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Superbug's 'CPU' revealed: Researchers discover chemical clue directing Staphylococcus aureus

Date:
June 4, 2010
Source:
McMaster University
Summary:
Researchers have revealed that a small chemical, made by the superbug Staphylococcus aureus and its drug-resistant forms, determines this disease's strength and ability to infect.
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Under a very high magnification of 50,000x, this scanning electron micrograph (SEM) shows a strain of Staphylococcus aureus bacteria.
Credit: CDC/Janice Haney Carr

McMaster University researchers have discovered a central controller or processing unit (CPU) of a superbug's weaponry.

The team from the Michael G. DeGroote Institute for Infectious Disease Research has revealed that a small chemical, made by the superbug Staphylococcus aureus and its drug-resistant forms, determines this disease's strength and ability to infect.

The bacteria is the cause for a wide range of difficult-to-treat human infectious diseases such as pneumonia, toxic-shock syndrome and flesh-eating diseases. It has become known as the superbug as it has become increasingly resistant to antibiotics and especially troublesome in hospitals.

The discovery will provide new options for fight back and disable the virulent bacteria.

"We've found that when these small chemicals in the bacteria are shut down, the bacteria is rendered non-functional and non-infectious," said Nathan Magarvey, principal investigator for the study and an assistant professor of biochemistry and biomedical sciences at McMaster. "We're now set on hacking into this pathogen and making its system crash."

To identify these "pathogen small molecule CPUs," the researchers used cutting-edge chemical mining tools to reveal the molecular wiring associated with their formation. Then, to uncover its function, the McMaster scientists shut off its synthesis, showing that the deadly pathogens had been tamed and unable to burst open red blood cells.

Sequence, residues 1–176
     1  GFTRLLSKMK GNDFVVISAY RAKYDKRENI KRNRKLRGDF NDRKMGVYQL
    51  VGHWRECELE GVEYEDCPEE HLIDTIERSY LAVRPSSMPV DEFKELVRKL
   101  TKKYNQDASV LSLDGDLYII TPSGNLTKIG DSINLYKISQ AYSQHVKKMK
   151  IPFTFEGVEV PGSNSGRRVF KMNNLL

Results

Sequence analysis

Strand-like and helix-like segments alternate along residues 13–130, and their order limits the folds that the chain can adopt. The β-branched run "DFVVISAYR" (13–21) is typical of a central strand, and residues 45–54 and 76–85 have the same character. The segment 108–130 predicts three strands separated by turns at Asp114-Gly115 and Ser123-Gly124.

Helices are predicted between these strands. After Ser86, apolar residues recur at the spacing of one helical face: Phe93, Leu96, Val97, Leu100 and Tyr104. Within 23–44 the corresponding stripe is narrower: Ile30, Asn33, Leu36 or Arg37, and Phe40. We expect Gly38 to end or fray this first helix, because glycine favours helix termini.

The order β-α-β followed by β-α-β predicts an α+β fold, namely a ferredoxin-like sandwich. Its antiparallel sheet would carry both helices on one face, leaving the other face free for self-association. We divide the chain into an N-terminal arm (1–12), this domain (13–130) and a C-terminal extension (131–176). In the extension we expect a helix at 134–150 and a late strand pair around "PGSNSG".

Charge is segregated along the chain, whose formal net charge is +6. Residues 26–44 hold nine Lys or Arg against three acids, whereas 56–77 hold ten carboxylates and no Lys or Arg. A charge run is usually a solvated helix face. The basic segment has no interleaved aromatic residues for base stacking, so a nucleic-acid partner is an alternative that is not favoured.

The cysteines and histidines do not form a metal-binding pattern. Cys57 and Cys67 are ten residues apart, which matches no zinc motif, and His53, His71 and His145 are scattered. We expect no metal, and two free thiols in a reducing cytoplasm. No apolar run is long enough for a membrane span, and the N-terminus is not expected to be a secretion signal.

The McMaster team also collaborated with the University of Western Ontario and the University of Nebraska to further delve into how this "small molecule CPU" works and functions to engage Staphylococcus aureus in its destructive and harmful behaviors.

An article on the breakthrough appears in the journal Science.


Story Source:

The above post is reprinted from materials provided by McMaster University. Note: Materials may be edited for content and length.


Journal Reference:

  1. Morgan A. Wyatt, Wenliang Wang, Christelle M. Roux, Federico C. Beasley, David E. Heinrichs, Paul M. Dunman, and Nathan A. Magarvey. Staphylococcus aureus Nonribosomal Peptide Secondary Metabolites Regulate Virulence. Science, 2010; DOI: 10.1126/science.1188888

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McMaster University. "Superbug's 'CPU' revealed: Researchers discover chemical clue directing Staphylococcus aureus." ScienceDaily. ScienceDaily, 4 June 2010. <www.sciencedaily.com/releases/2010/06/100603172223.htm>.
McMaster University. (2010, June 4). Superbug's 'CPU' revealed: Researchers discover chemical clue directing Staphylococcus aureus. ScienceDaily. Retrieved June 30, 2015 from www.sciencedaily.com/releases/2010/06/100603172223.htm
McMaster University. "Superbug's 'CPU' revealed: Researchers discover chemical clue directing Staphylococcus aureus." ScienceDaily. www.sciencedaily.com/releases/2010/06/100603172223.htm (accessed June 30, 2015).

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